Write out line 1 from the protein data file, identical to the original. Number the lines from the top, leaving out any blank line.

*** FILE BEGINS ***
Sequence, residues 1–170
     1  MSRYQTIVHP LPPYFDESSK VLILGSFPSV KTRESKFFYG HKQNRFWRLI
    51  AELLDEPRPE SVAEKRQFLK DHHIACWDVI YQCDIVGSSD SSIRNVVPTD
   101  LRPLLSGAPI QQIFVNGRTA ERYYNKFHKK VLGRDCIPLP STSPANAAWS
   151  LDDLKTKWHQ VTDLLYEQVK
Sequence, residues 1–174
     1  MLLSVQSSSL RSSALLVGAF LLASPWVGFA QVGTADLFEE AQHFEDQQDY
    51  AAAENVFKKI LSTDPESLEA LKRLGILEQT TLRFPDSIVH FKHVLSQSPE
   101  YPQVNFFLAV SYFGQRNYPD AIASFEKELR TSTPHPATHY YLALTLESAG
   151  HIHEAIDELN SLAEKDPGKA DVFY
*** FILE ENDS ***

Sequence, residues 1–170